On That morning, I was on the border of the West Village and Chelsea doing the Alternate Side of the Street Parking dance and listening to Howard Stern when he abruptly changed to topic of his raunchy conversation to report that "a plane has struck" one of the WTC towers. Being that it was Howard Stern, I thought to myself "what a tacky joke." I parked my car walked towards Seventh Avenue. People were frozen, facing downtown with hands over mouth. I looked in the same direction and saw an enormous fireball and black smoke billowing from the upper floors. I was maybe two miles or closer to what had not yet become known as Ground Zero. I remembered sirens were suddenly omnipresent, horns, fire engines, time seemed to have stopped. I'm not sure how much time passed before my next memory of blinking and seeing a flash of the second plane then then billowing black smoke...and then the sound traveled..like thunder. Honestly, I don't have much of a memory of what happened next other than I started walking TOWARDS the chaos. The reporter in me needed to jump into the fray. I made it as far as fourth street, I think, when the first towers sank...quietly it seemed until the a few seconds later, the roar traveled uptown. I stopped. I stood there until I was being passed by one dust-covered refugee after another. Someone touched my shoulder and said "you should walk the other way."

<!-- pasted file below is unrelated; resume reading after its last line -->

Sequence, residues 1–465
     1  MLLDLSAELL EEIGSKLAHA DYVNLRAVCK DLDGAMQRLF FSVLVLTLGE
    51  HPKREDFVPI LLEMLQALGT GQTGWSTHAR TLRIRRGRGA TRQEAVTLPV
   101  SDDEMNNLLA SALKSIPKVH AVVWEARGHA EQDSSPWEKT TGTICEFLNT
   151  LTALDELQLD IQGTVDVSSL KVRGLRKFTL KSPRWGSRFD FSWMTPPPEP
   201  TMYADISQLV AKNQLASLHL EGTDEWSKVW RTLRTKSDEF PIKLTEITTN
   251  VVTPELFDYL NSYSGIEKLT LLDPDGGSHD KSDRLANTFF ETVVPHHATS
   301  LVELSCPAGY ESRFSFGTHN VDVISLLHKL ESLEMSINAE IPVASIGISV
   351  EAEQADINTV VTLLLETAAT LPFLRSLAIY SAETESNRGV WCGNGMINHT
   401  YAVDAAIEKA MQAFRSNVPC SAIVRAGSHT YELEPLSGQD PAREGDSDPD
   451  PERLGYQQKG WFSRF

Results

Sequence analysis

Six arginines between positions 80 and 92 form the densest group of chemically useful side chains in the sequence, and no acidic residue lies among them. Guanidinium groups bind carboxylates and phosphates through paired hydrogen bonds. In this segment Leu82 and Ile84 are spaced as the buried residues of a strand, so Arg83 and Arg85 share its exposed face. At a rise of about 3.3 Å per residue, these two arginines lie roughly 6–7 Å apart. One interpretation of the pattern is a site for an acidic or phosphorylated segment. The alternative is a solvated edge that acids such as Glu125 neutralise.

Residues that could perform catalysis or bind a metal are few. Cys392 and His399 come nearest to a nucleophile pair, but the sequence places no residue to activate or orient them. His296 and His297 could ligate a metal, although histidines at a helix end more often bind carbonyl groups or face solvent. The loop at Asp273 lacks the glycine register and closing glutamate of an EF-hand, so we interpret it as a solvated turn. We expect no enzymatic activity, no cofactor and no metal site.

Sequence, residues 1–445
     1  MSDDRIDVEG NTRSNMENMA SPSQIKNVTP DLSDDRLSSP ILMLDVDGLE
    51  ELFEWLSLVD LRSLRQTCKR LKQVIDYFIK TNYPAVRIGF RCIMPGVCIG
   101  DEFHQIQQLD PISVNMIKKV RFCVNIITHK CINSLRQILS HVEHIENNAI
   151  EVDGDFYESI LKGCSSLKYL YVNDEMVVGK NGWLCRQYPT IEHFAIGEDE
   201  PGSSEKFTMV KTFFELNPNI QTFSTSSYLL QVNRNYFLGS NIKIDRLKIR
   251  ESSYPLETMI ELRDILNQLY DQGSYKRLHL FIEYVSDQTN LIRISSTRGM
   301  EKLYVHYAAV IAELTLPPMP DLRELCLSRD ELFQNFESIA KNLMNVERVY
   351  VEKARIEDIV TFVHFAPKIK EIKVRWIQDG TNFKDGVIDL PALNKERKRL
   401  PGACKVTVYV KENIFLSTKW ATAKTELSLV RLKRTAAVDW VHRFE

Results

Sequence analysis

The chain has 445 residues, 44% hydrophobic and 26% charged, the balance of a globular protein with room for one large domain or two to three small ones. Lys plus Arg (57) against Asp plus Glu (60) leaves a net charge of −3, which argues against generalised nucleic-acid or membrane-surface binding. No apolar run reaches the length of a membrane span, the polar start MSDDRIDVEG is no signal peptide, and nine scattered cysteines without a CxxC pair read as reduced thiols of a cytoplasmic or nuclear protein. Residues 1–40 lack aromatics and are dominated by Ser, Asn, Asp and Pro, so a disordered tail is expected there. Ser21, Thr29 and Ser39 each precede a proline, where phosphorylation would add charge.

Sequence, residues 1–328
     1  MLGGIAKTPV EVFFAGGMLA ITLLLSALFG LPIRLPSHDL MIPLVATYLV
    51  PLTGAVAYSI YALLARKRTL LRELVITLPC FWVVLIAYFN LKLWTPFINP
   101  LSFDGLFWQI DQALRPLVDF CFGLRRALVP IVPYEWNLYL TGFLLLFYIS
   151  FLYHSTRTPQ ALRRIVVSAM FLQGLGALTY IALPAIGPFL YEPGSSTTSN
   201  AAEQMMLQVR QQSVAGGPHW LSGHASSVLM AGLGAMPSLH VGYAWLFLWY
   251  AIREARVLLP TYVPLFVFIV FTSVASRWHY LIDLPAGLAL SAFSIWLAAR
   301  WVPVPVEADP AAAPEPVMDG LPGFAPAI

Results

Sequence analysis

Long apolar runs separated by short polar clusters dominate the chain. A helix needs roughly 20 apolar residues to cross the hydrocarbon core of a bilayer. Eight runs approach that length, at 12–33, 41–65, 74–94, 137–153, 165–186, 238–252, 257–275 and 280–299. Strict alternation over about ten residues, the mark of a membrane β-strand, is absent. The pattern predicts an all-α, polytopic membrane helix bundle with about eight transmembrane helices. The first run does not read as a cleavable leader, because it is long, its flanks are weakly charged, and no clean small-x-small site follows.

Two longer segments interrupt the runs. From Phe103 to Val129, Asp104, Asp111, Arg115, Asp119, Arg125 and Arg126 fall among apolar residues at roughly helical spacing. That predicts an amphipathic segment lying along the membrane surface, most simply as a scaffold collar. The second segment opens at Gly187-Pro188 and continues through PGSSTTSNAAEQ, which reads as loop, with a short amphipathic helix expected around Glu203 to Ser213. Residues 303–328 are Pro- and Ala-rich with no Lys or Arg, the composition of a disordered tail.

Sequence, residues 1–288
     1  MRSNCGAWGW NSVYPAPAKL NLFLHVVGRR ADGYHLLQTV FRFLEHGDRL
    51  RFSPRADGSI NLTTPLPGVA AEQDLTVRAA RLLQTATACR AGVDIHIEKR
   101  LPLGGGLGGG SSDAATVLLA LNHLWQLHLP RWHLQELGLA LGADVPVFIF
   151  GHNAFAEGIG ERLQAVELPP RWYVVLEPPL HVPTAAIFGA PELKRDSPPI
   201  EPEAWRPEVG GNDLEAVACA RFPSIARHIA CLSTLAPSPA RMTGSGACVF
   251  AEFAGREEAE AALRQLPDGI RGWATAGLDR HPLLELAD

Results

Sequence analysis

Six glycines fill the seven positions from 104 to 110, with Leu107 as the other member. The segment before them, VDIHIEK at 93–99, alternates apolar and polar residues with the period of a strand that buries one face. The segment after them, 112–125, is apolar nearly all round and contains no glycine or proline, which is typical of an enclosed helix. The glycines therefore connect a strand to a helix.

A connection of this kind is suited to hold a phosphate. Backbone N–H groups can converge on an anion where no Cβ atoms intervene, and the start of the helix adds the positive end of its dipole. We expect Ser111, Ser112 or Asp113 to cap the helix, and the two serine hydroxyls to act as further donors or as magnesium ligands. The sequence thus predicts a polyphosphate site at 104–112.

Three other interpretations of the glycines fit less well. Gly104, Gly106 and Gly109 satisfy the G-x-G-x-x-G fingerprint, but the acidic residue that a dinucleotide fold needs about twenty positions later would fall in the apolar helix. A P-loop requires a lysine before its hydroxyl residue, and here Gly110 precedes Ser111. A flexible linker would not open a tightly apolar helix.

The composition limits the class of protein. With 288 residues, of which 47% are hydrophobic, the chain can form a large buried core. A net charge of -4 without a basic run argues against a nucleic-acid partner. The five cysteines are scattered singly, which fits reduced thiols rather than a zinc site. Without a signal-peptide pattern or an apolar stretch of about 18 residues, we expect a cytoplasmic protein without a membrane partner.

I've never walked the other way in my life. I tend jump right in head first into everything; sometimes with great consequences...other times not so much so. In hindsight, I'm amazed at how much resilience I had while living in New York. I never cried a day over my circumstances and I always bounced back from the emotional and financial hardships 9/11 caused me personally and the hardships I put myself through. That's what I miss about being a "New Yorker" the community, the camaraderie and the way we bounced back-together. I hope with the opening of the 9/11 memorial and the continuing rebirth of the World Trade Center site, there will be some sense of closure, some sense of peace for those who were deeper in soot than I that day and for those who lost more than I that day.